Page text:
She Said/She Said: Did Jack Dawson Really Have To Die In Titanic?

Whether you think Titanic is the greatest cinematic love story ever told or an overwrought melodrama, you are probably aware of the Jack Did/Didn't Have To Die Debate, a controversy so heated that even Rose Dewitt Bukater herself (i.e., Kate Winslet) has weighed in. And now, Titanic's most iconic set of pipes has offered her opinion. On Friday’s episode of The Tonight Show with Jimmy Fallon, Celine Dion said Jack shouldn’t have waited for an invitation to hop on that door. It’s a fresh take in a discussion that has gone on (and onnnnnnnn) longer than Celine's heart.
Here, Refinery29 Canada's senior writer Kathleen Newman-Bremang and contributor Courtney Shea take a side in a she said/she said debate.

She Said: The Ending Is Correct & Everyone Needs To Calm Down

By Kathleen Newman-Bremang
I can’t believe we’re still talking about this in 2019, but OK, I’ll bite. There was no room on the door. Jack tries to get up TWICE. Rose is shivering in icy cold waters and can barely talk, let alone think straight. Jack has no choice but to sacrifice himself for the woman he fell in love with on a boat in less time than a season of The Bachelor. Logistically, Mythbusters tried their own Jack/Rose door test, and Jack could only fit on the door — while it stayed afloat — if he and Rose tied her lifejacket to the bottom. What? Who is thinking clearly of science while they are freezing in the middle of the Atlantic? Listen, it just wasn’t going to happen, but that’s beside the point.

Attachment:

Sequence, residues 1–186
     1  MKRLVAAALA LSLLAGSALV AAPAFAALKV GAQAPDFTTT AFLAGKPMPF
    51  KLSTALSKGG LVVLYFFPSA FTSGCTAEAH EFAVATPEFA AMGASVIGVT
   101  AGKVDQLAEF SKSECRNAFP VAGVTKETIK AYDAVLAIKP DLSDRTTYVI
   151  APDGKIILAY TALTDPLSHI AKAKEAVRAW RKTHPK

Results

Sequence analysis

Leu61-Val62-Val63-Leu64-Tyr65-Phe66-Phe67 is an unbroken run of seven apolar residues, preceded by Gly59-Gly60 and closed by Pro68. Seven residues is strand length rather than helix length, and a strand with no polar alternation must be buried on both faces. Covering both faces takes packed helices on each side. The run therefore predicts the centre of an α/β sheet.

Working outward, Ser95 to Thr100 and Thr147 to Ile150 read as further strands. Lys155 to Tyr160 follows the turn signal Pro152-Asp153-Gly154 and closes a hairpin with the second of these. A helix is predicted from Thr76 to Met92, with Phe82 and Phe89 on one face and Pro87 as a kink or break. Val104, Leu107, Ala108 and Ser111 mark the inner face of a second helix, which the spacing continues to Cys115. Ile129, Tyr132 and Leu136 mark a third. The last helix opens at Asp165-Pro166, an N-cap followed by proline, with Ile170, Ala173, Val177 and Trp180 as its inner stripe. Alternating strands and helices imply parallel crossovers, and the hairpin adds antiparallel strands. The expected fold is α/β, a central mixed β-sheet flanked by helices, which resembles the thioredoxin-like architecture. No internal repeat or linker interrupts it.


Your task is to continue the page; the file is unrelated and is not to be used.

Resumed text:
My biggest beef with this conversation is this: Can't we just let movie endings be great? All of you door truthers need to tell me what your endgame is. Do you want an ending where Jack gets on the door (after the super romantic, cinematic moment where they do some math and secure a lifejacket to the bottom, of course) and they live happily ever after? Please. Jack and Rose would have lasted a year together (TOPS) on the mainland before she went running back to her family money and the life she’s accustomed to. That’s really the ending you want? You want to deprive us of the moment the light leaves Jack’s eyes when he realizes he’s going to sacrifice himself? You want to change the moment Rose finds the strength to swim her way to a whistle and to her survival? Leonardo DiCaprio and Kate Winslet are acting their asses off. Two stars were born in that scene. Can we give James Cameron some credit for giving us a tear-jerking, beautiful, and shocking ending that left us all in our feelings? Before Game of Thrones made the death of heroes tragically expectable, there was Jack. Jack walked so Robb Stark could run. For the love of Irish dancing and spitting over the railing in the name of love, let us have this.

She Said: Love Means Making Room On The Raft! Jack Could Have Made It

By Courtney Shea